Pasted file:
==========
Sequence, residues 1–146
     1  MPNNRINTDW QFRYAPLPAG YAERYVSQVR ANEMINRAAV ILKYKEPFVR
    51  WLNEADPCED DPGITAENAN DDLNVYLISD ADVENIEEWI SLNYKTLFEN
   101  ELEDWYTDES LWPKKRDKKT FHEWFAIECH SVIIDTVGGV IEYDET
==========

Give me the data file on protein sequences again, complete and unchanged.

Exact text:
Sequence, residues 1–146
     1  MPNNRINTDW QFRYAPLPAG YAERYVSQVR ANEMINRAAV ILKYKEPFVR
    51  WLNEADPCED DPGITAENAN DDLNVYLISD ADVENIEEWI SLNYKTLFEN
   101  ELEDWYTDES LWPKKRDKKT FHEWFAIECH SVIIDTVGGV IEYDET